Flores-Figueroa v. United States
Annotate this Case
556 U.S. 646 (2009)
- Syllabus |
- Opinion (Stephen G. Breyer) |
- Concurrence (Antonin Scalia) |
- Concurrence (Samuel A. Alito, Jr.)
OPINION OF SCALIA, J.
FLORES-FIGUEROA V. UNITED STATES
556 U. S. ____ (2009)
SUPREME COURT OF THE UNITED STATES
IGNACIO CARLOS FLORES-FIGUEROA, PETITIONER v. UNITED STATES
on writ of certiorari to the united states court of appeals for the eighth circuit
[May 4, 2009]
Justice Scalia, with whom Justice Thomas joins, concurring in part and concurring in the judgment.
I agree with the Court that to convict petitioner for “knowingly transfer[ring], possess[ing], or us[ing], without lawful authority, a means of identification of another person,” 18 U. S. C. §1028A(a)(1), the Government must prove that he “knew that the ‘means of identification’ he … unlawfully transferred, possessed, or used, in fact, belonged to ‘another person.’ ” Ante, at 1. “Knowingly” is not limited to the statute’s verbs, ante, at 4. Even the Government must concede that. See United States v. Villanueva-Sotelo, 515 F. 3d 1234, 1237 (CADC 2008) (“According to the government, this text is unambiguous: the statute’s knowledge requirement extends only so far as ‘means of identification’ ”). But once it is understood to modify the object of those verbs, there is no reason to believe it does not extend to the phrase which limits that object (“of another person”). Ordinary English usage supports this reading, as the Court’s numerous sample sentences amply demonstrate. See ante, at 4–5.
But the Court is not content to stop at the statute’s text, and I do not join that further portion of the Court’s opinion. First, the Court relies in part on the principle that “courts ordinarily read a phrase in a criminal statute that introduces the elements of a crime with the word ‘knowingly’ as applying that word to each element.” Ante, at 6. If that is meant purely as a description of what most cases do, it is perhaps true, and perhaps not. I have not canvassed all the cases and am hence agnostic. If it is meant, however, as a normative description of what courts should ordinarily do when interpreting such statutes—and the reference to Justice Stevens’ concurring opinion in United States v. X-Citement Video, Inc., 513 U. S. 64, 79 (1994), suggests as much—then I surely do not agree. The structure of the text in X-Citement Video plainly separated the “use of a minor” element from the “knowingly” requirement, wherefore I thought (and think) that case was wrongly decided. See id., at 80–81 (Scalia, J., dissenting). It is one thing to infer the common-law tradition of a mens rea requirement where Congress has not addressed the mental element of a crime. See Staples v. United States, 511 U. S. 600, 605 (1994); United States v. United States Gypsum Co., 438 U. S. 422, 437–438 (1978). It is something else to expand a mens rea requirement that the statutory text has carefully limited.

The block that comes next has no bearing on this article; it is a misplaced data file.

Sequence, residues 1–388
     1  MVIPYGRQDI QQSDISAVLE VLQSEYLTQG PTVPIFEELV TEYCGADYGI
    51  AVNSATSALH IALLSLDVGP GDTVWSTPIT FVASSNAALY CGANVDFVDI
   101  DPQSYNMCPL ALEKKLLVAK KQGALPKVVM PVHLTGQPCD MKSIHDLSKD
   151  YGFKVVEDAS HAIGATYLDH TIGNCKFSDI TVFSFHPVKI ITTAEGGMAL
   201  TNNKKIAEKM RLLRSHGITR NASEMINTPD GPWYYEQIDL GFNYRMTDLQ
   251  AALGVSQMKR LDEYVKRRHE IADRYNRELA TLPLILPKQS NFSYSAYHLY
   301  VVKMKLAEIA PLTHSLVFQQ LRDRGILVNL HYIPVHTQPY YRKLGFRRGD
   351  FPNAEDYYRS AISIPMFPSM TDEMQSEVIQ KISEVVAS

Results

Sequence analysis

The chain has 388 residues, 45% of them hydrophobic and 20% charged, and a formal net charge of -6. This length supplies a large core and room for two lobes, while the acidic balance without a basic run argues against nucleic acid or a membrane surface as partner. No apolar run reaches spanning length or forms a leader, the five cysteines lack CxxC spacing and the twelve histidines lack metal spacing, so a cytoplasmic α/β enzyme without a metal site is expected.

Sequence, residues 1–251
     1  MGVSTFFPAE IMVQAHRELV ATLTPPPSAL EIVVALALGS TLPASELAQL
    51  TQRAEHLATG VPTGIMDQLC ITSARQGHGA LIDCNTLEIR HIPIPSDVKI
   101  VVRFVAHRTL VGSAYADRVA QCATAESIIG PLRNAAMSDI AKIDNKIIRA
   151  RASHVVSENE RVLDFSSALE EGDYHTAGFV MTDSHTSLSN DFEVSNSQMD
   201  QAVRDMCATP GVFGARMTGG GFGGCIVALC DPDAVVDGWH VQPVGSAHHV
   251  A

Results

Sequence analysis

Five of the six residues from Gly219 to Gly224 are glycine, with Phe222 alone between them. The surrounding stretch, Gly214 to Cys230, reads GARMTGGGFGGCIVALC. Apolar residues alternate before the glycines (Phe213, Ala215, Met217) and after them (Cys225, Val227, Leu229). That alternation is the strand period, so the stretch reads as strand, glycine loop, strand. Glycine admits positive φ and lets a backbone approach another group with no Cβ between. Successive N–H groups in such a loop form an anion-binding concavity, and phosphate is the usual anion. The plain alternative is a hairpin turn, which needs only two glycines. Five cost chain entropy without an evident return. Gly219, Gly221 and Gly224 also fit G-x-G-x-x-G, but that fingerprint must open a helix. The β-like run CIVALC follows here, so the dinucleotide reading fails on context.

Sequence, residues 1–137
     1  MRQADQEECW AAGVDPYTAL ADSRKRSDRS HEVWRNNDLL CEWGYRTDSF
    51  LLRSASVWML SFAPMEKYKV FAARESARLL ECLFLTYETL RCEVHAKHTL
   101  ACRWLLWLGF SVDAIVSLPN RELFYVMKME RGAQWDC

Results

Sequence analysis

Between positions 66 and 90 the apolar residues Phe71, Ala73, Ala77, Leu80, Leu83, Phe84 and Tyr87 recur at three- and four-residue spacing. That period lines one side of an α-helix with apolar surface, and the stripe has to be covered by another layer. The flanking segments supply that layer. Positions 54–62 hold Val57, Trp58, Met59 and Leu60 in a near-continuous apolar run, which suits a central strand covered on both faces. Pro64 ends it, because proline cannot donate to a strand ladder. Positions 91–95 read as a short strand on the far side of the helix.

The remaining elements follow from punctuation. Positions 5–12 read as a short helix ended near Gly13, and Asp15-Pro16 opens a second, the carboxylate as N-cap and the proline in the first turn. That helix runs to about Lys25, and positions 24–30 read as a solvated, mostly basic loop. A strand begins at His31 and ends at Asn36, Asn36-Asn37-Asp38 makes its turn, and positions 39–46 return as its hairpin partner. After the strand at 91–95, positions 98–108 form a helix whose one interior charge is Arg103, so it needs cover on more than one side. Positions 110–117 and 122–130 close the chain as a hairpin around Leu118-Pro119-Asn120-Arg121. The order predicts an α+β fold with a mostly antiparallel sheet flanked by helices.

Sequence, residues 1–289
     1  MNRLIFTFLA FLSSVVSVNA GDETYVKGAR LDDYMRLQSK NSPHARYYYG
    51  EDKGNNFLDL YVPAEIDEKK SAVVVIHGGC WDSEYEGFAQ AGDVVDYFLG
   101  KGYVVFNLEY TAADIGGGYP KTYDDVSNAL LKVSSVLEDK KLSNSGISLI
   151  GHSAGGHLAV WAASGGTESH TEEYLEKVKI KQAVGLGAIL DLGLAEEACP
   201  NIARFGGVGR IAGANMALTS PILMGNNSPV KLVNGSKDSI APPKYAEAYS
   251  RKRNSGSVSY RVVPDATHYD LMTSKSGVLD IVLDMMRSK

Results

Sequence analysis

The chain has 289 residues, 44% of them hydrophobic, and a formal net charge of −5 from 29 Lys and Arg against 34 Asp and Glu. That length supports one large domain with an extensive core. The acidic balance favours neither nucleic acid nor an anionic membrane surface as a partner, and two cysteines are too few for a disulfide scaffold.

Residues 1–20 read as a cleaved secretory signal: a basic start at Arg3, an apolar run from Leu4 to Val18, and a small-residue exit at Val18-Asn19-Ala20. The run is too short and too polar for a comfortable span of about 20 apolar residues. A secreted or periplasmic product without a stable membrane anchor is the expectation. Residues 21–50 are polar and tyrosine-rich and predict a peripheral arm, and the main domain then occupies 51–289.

I likewise cannot join the Court’s discussion of the (as usual, inconclusive) legislative history. Ante, at 9. Relying on the statement of a single Member of Congress or an unvoted-upon (and for all we know unread) Committee Report to expand a statute beyond the limits its text suggests is always a dubious enterprise. And consulting those incunabula with an eye to making criminal what the text would otherwise permit is even more suspect. See United States v. R. L. C., 503 U. S. 291, 307–309 (1992) (Scalia, J., concurring in part and concurring in judgment). Indeed, it is not unlike the practice of Caligula, who reportedly “wrote his laws in a very small character, and hung them up upon high pillars, the more effectually to ensnare the people,” 1 W. Blackstone, Commentaries on the Laws of England 46 (1765).
The statute’s text is clear, and I would reverse the judgment of the Court of Appeals on that ground alone.